22. Beloved, Toni Morrison (p). Chosen for our inaugural book club meeting at Open Phil. I’ve never read Toni Morrison and was glad for the excuse to. It’s a tough read.
  23. Boulevard of Broken Dreams, Josh Lerner (a). This book covers government attempts at providing or stimulating venture capital investment. I found it useful particularly for pointers to programs from different national/state governments that have given it a shot (e.g. SBICs, SBIR, ATP, In-Q-Tel, CAPCO in Louisiana, Yozma in Israel 1993-98, New Zealand Venture Investment Fund). I took quite comprehensive notes that I can’t be bothered to clean up/condense, so here they are in a 2-page googledoc.
  24. Convenience Store Woman, Sayaka Murata, Ginny Tapley Takemori (Translator) (p). Short and sweet and weird and made me think. Especially one paragraph where the main character realises that her sister (and society as a whole) is more comfortable interpreting her as an unhappy person with normal desires than as a person with different/incomprehensible values who’s perfectly happy on her own terms. Sometimes I can feel myself trying to make people conform to glib narratives of how their life is going, or projecting trodden-path narratives of how mine is going, for the ease of mutual comprehension. I’m going to try and do that less.
  25. The Emperor, Ryszard Kapuściński (p). This book was insane. It’s an account of the reign and fall of Haile Selassie, the Emperor of Ethiopia from 1930-74, based on interviews with people who worked for him. I was lucky enough to go to Ethiopia for two weeks this year, and I read the book just after walking around the recently reopened immaculate palace in Addis Ababa where it’s set. You will enjoy it from anywhere, though, as an exploration of the bizarre ways that concentrated power, hard and soft, can shape millions of people’s lives. I don’t want to give more context, and just urge you to read it (it’s short).
    1. Incidentally, I had no idea before visiting how ridiculously epic Ethiopian history is. Home of the ~earliest discovered humans, and the ~earliest discovered hominids! According to legend founded 3,000 years ago by the son of the Queen of Sheba and King Solomon! Home of the ancient Kingdom of Aksum! Carved whole churches into stone over decades! Defeated the Italians in 1896 and were never colonised! I dipped into and enjoyed A History of Modern Ethiopia, 1855-1991 by Bahru Zewde while I was there, but I didn’t read it all so I don’t get to count it on this list… urgh.
  26. Sourdough, Robin Sloan (p). This book felt hollow to me and I’m surprised it got such good reviews. I’m biased since it’s about tech in San Francisco, and when I read about worlds I’m familiar with I have a higher bar on originality/new perspectives. Both this and Less (above) fit into the category “satire set in San Francisco that seems mostly empty to me but other people are rating highly so maybe I don’t understand satire”. Less was romantic so ultimately tricked me into not being mad, but with Sourdough I was basically just mad.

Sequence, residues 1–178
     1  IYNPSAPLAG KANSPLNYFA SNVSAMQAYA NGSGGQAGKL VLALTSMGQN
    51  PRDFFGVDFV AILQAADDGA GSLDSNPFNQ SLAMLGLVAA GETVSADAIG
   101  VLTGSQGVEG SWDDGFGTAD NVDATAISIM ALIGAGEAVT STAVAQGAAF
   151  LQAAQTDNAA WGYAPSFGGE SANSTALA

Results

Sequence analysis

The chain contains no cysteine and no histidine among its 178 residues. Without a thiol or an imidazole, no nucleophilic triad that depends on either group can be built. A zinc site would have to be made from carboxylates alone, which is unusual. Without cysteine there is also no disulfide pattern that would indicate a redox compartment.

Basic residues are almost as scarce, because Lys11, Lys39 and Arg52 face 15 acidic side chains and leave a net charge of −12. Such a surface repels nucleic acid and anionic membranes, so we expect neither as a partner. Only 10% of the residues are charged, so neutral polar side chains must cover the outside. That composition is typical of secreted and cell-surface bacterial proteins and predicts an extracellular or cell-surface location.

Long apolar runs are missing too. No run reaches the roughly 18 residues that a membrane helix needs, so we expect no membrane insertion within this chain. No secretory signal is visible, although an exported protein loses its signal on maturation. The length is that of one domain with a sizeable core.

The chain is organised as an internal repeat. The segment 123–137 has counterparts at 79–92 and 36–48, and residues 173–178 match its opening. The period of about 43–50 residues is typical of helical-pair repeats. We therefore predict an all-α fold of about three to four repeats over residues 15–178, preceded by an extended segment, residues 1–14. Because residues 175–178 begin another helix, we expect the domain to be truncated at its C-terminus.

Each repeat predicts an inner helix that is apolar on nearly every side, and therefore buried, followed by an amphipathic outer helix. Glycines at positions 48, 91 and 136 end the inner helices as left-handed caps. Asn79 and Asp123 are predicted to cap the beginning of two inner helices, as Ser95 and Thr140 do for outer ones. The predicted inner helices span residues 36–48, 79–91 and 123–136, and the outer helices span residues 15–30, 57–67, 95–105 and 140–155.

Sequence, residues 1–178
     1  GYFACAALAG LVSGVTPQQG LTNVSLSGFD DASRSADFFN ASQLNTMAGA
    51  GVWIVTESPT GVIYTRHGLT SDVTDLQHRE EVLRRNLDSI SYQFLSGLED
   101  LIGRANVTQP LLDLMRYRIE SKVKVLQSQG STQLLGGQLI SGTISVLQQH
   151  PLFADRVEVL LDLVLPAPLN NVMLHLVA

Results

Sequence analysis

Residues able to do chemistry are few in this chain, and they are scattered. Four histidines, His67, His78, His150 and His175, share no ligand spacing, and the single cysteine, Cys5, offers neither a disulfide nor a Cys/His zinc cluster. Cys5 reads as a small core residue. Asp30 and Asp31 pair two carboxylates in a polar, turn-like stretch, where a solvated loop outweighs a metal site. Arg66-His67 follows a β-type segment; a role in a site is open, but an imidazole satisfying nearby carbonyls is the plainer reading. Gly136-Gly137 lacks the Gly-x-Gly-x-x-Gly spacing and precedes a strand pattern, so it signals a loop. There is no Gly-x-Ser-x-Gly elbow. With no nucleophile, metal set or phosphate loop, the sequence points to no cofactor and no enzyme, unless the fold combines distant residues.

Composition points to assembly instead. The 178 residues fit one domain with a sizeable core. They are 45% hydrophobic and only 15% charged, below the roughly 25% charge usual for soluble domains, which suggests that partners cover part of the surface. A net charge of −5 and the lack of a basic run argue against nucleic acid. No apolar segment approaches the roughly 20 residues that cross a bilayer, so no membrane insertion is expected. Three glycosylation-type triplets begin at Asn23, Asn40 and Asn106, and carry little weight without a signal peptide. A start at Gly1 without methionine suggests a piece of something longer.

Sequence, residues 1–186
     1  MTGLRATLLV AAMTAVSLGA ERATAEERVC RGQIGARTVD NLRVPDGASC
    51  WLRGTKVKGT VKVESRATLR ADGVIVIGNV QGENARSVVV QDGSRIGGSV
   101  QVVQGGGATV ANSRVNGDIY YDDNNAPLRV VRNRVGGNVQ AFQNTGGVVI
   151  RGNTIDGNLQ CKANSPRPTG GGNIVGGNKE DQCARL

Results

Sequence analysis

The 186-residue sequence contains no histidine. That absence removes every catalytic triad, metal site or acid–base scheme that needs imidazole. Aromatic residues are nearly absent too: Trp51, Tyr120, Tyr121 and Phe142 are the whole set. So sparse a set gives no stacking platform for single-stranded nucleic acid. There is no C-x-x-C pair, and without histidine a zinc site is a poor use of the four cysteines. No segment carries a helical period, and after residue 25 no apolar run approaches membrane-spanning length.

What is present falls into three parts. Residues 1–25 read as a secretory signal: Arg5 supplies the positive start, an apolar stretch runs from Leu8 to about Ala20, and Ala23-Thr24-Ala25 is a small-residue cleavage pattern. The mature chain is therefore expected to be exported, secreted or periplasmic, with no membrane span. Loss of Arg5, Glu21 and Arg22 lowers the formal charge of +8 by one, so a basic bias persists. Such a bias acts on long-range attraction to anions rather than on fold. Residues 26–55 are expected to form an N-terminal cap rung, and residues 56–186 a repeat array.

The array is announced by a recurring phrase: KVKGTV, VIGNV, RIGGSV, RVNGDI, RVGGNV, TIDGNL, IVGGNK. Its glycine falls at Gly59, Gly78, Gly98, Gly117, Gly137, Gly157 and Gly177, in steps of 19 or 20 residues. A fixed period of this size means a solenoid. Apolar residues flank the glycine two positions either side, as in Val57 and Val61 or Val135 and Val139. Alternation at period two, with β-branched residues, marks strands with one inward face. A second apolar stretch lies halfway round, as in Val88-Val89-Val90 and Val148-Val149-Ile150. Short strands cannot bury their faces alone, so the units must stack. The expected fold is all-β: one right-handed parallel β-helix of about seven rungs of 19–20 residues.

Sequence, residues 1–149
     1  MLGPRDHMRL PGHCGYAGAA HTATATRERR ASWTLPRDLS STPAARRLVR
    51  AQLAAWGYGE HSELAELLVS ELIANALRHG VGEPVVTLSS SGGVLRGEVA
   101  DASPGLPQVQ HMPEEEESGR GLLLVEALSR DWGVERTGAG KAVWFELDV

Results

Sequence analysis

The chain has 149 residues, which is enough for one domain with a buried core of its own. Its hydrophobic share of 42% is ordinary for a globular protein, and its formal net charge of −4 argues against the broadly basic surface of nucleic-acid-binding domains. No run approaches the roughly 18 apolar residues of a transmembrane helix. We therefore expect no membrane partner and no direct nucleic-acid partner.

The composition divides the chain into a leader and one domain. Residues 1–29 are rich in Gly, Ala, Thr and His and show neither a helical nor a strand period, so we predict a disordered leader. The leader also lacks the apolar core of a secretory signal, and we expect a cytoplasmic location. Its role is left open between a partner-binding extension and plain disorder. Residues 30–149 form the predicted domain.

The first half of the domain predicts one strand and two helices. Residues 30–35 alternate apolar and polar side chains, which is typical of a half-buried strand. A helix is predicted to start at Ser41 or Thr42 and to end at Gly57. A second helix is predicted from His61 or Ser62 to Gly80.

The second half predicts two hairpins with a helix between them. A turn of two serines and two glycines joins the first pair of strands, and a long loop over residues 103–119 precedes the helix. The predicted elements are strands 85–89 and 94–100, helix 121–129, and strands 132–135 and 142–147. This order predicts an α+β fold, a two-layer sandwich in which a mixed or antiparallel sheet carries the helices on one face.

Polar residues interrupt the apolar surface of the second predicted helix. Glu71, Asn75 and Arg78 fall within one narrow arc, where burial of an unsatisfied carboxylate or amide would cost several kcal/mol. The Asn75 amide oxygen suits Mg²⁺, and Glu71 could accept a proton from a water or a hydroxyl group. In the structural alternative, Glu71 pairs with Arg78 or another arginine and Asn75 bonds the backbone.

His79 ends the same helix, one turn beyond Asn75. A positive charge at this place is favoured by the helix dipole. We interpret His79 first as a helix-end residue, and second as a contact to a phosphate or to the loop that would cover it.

27. How Asia Works, Joe Studwell (a). I feel irresponsible giving a verdict on this sweeping theory of global development without reading other conflicting ones. However… I thought it painted a particular worldview well and argued for it persuasively. Studwell’s 3 point tl;dr argument is (1) poor countries should distribute land ownership as equally as possible among farmers to incentivise higher crop yields, then (2) nurture an export-driven manufacturing sector where you build up your country’s human capital at a loss for a while, then (3) finance development activities in a fairly government controlled way so you don’t get mugged by private interests. I zoned out a bit for #3. #1 seems kind of obvious — who likes feudalism? — and hard to implement quickly — who likes unpredictable expropriation? #2 was interesting, as a well argued anti-free market take on industrial policy. Key questions I’m left with: does the theory around agriculture extend to the poorest countries in Asia and Africa today? Does the manufacturing story apply to lower-middle income countries today, or has the global economy changed since the Asian success stories? Here’s a good Gates Notes review of the book.
  28. The Boy, the Mole, the Fox and the Horse, Charlie Mackesy (p). I feel dodgy for counting this on the list since it’s so brief, but it is shaped like a book so I must. You have to be in the right mood for these: beautiful artwork with one-liners that are sweet or saccharine depending.
  29. Trials of the State, Jonathan Sumption (p). Nice and short, and makes me want to read more about public law. Sumption was on the Supreme Court (UK, not US) until the end of 2018, but makes the case (well) that courts should have limited power and representative democracy should have more. If I’m getting the dates right, this was published just before the Supreme Court’s decision that Boris Johnson’s prorogation was unlawful, which was the most significant intervention of the court on the executive/parliament in recent British history. I found the book interesting in that context, but also as a distillation of how the UK’s political system, where parliament can basically do whatever it wants, is so different than the US’s, where everything goes to court and has to match the written constitution. He makes the case (in other phrasing) that parliaments are characterised by positive sum negotiation whereas courts give zero sum adjudications (negative sum after fees!), and the UK approach is better. Plus an elegantly critical section on the European Court of Human Rights that I’m not sure I believe yet but I got a lot from.
  30. On Earth We’re Briefly Gorgeous, Ocean Vuong (p). I have thoughts and feelings.